1. Make sure all other dimensions of your being are fully nourished - relationships, learning, creativity and self-expression, healing from past trauma, physical exercise and a good diet, intimacy, affinity groups that share your other interests and passions, and so forth.
2. Read St. John of the Cross’ exploration of THE DARK NIGHT OF THE SOUL. Read both Book I and Book II. Meditate on them. Re-read them. Meditate some more.
3. Have compassion for yourself - be patient, forgiving, and accepting.
4. Let go. Relinquish any clinging to both what you have been and what you expect to become.
5. Read Lao Tzu’s Te-Tao Ching (I like the Robert Hendricks translation)
6. Find support and refuge in a like-minded spiritual community, keeping in mind that the community may not be where, who or what you expect. It may be Sufi or Baha’i; it may be a Buddhist sangha; it may be a Hindu temple; it may be a Christian congregation of an unfamiliar denomination; it may be a Wiccan discussion group; it may be some secular humanists at a Unitarian Universalist church…Be open, check stuff out, and abandon your prejudices.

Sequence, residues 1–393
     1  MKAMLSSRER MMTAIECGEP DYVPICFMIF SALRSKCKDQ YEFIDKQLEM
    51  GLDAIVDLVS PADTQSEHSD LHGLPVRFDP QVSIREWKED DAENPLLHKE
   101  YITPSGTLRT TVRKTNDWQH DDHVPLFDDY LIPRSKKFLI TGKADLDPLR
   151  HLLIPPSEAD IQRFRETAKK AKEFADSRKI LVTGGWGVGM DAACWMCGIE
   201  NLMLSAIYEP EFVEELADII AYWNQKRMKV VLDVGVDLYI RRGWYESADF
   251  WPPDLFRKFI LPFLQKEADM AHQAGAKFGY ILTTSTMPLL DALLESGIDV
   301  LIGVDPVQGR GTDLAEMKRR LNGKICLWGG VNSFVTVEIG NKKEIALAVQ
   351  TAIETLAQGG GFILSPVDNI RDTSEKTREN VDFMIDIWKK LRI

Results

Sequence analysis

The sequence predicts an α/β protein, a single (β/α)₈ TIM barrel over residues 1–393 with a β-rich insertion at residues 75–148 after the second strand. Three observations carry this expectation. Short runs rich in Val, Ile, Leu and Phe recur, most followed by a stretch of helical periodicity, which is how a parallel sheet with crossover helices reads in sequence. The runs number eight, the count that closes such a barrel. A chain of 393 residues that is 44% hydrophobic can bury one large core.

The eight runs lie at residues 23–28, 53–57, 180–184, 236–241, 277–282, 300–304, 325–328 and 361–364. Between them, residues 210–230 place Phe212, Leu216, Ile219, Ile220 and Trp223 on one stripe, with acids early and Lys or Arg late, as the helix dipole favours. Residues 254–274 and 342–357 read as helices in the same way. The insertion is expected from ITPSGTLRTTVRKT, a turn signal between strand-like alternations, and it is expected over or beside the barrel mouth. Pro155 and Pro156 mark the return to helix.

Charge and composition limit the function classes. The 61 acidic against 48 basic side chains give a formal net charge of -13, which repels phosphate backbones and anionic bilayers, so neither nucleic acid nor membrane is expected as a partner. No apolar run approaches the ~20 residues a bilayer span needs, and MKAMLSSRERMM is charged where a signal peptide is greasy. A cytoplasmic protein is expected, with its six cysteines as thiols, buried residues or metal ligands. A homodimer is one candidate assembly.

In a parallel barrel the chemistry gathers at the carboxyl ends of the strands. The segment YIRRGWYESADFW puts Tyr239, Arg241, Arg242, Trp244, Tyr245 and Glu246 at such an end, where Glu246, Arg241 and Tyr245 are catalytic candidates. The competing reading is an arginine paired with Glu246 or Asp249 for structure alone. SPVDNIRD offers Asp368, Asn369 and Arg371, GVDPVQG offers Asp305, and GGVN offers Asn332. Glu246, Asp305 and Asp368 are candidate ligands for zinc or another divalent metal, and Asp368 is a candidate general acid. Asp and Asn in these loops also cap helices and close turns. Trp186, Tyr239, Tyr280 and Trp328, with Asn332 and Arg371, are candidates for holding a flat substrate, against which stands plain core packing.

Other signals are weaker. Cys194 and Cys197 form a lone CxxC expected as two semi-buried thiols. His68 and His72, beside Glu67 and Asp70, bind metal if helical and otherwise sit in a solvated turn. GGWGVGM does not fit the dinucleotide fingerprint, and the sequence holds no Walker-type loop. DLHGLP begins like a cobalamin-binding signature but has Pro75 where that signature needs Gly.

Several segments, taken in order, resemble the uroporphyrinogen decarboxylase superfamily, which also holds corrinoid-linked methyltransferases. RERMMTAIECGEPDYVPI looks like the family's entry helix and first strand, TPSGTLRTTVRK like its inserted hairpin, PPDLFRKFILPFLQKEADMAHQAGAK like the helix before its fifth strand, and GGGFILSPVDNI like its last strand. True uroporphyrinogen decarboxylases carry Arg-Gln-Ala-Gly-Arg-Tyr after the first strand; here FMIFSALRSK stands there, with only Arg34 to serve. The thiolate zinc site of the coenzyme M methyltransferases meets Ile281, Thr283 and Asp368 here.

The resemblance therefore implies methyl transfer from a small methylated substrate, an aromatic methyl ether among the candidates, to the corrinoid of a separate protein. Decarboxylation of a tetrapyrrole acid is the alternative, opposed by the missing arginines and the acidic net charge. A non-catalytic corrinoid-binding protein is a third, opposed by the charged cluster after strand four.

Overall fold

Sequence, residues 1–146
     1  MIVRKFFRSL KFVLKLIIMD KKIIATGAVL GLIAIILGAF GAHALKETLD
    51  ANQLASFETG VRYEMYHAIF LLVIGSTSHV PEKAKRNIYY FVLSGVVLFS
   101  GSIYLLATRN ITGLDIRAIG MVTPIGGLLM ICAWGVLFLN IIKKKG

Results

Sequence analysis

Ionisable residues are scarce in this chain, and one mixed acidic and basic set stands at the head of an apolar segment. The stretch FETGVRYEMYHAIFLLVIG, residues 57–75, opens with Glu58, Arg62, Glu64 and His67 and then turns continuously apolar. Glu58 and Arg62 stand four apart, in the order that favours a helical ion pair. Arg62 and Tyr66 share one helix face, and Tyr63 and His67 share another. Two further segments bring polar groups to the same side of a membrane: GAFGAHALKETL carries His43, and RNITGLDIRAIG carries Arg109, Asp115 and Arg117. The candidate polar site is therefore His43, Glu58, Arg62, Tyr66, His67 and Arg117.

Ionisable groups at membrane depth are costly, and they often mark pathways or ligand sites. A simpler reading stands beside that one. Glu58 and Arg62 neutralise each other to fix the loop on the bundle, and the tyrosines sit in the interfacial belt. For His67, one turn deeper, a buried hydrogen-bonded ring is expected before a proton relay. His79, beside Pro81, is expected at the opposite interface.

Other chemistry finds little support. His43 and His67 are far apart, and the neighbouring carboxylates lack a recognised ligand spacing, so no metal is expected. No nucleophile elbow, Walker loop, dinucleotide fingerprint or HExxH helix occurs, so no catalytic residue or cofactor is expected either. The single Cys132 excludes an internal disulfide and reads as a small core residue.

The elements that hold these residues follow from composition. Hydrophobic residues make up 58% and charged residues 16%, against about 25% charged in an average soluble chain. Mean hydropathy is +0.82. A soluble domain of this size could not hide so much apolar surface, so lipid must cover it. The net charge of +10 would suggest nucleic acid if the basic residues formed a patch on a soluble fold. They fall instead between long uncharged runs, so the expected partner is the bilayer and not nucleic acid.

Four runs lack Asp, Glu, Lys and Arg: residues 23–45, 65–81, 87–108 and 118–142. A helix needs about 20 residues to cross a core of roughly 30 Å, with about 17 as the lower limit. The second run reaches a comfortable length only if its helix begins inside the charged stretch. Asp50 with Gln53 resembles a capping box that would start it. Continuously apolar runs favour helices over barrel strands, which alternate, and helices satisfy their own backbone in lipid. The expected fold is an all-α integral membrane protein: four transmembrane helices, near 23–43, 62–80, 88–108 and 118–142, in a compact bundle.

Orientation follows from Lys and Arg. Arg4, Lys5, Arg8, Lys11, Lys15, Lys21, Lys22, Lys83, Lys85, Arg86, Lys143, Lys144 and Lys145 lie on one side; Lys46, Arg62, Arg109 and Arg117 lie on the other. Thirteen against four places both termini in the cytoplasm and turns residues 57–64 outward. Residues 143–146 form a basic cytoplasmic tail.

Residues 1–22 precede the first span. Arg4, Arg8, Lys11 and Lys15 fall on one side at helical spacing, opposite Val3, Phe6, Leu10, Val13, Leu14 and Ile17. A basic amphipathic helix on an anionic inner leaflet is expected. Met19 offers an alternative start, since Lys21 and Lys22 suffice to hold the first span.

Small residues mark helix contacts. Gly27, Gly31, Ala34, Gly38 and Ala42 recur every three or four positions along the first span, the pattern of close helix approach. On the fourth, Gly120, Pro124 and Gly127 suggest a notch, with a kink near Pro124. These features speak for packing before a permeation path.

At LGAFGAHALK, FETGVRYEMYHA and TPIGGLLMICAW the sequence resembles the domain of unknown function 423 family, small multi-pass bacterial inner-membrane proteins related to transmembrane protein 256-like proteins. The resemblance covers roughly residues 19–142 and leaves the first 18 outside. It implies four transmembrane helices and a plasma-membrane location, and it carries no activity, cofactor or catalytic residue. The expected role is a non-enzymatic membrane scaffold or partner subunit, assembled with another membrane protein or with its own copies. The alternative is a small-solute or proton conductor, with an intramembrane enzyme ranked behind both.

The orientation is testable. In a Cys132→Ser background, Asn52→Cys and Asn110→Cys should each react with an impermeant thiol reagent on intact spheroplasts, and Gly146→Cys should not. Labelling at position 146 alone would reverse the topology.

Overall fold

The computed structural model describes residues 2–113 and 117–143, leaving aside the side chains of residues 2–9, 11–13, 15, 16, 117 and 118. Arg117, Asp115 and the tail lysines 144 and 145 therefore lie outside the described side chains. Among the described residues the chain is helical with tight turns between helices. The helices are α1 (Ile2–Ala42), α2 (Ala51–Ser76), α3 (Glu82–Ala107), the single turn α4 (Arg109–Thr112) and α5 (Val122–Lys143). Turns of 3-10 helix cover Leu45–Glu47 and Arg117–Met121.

7. Spend some time with Daniel Ladinsky’s renderings of Hafez.
8. Find an authentic, client-centered spiritual mentor, coach or therapist to help walk you through your experience and provide nonjudgmental support. However…don’t become dependent on them for guidance, but continue to look within.
9. Be careful not to push yourself too far, too quickly. Take a break from spiritual work if necessary; give yourself space and time to process and integrate new insights and information.
10. Read the Bhagavad Gita.
11. Begin to actualize the change in direction you now perceive to be most spiritually authentic. This also doesn’t need to be rushed…but it very likely does need to happen. The most fruitful and facilitative changes in circumstances will arise of their own accord…if we open the door to that process.
12. Disruption of routine is a normal consequence of spiritual crisis…but it is also important to watch out for distractions, old defenses, denial and destructive impulses, any of which can derail positive consequences.
13. Read Lex Hixon’s Mother of the Buddhas.
14. Allow yourself to grieve. There is real loss along this path.
15. Remember that we are never fully aware of where we are in our spiritual journey - and in any case we aren’t where we think we are. However, two helpful metrics I have found are these: How sincere is my felt experience of compassionate affection right now? How sincere and present is my expression of that compassionate affection - towards my own being, in my interactions with those around me, and in consideration of All That Is?
My 2 cents.
From Quora post: https://www.quora.com/How-does-one-cope-with-a-spiritual-crisis-or-a-dark-night-of-the-soul/answer/T-Collins-Logan
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